In a resolution unanimously endorsed by the joint sitting of parliament, political parties across the board expressed undivided and unequivocal support for their Kashmiri brethren suffering Indian atrocities.
Although the Pakistan Tehreek-i-Insaaf’s (PTI) absence – it boycotted the session arguing it was only meant to divert attention from the Panama Papers – was the highlight of the sitting, it was the ruling party’s jaded performance that really hurt the purpose of the joint session.
On the last day of the three-day sitting, when the house gave its approval to the resolution, the Free and Fair Election Network (Fafen) in its daily fact sheet reported that 120 parliamentarians (27pc) were present at the outset of the session, against 85 (19pc) at its adjournment.
In a combined house of 446 members — 342 from the National Assembly and 104 from the Senate —the resolution got the approval of merely 19pc of parliamentarians.
But it’s not only the lack of attendance; ruling party members hardly showed any interest in the proceedings of the joint sitting.
On the first day, when Prime Minister Nawaz Sharif made his opening speech, ruling party members were in attendance with full aplomb. But soon after the prime minister left the house, it presented a deserted look.
Besides the total disinterest on the government’s part, a major chunk of the three-day session was also consumed by PML-N and PPP lawmakers, who made strongly-worded speeches against each other.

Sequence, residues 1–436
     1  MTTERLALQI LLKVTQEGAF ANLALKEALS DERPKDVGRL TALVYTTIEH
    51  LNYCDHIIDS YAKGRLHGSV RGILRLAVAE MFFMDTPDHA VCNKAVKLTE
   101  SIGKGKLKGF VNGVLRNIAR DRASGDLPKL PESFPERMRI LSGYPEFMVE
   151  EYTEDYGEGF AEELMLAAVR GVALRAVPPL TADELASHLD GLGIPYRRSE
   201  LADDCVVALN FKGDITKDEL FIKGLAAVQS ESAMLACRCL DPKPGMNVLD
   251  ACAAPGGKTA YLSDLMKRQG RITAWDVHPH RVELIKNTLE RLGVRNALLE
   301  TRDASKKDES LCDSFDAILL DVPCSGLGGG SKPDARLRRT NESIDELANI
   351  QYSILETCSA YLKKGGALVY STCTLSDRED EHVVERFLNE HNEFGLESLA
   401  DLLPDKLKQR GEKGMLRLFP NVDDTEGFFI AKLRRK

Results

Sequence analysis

For once, the sitting wore the look of a completely divided house, with both PML-N and PPP lawmakers predicting doomsday scenarios for each other’s leaders.
They even accused each other of committing treason – in a sitting whose only purpose was letting the world know that Pakistan stands united against Indian aggression at the Line of Control (LoC).
Leader of the Opposition in the National Assembly Syed Khursheed Shah duly reminded the government that the prime minister’s presence would only add more significance to the resolution at the time of its passage.
When confronted with the statistics from the session and the message this would send to the world, a senior member of the ruling party made an interesting argument.
The joint sitting was convened at the request of all other parliamentary parties, therefore, it was the collective responsibility of everyone to make sure it was a success, he contended.
“The 19pc attendance is a poor reflection on all of us, but one cannot just hold the government responsible for this lack of interest.”
To another question, the treasury member also contested the fact that the lack of attendance had a negative impact on the outcome of session.
“Except the PTI, leaders from all other parties spoke their minds on the issue of Kashmir, which was duly reflected in the resolution. What else was the sitting called for?”
When asked to comment on the PTI’s stance – that after the multi-party conference where everyone supported the Kashmir cause, there was no need for the joint sitting – an incumbent PPP lawmaker agreed with their contention.
The PPP leader revealed that after the PTI announced its decision to boycott the sitting, quite a few PPP lawmakers wanted to follow the suit.
However, it was the party’s Sindh-based leadership that prevailed upon Bilawal Bhutto-Zardari to attend the sitting. The PPP leader said that instead of serving the purpose, the joint sitting had only laid bare the differences between the two parties.
Published in Dawn, October 14th, 2016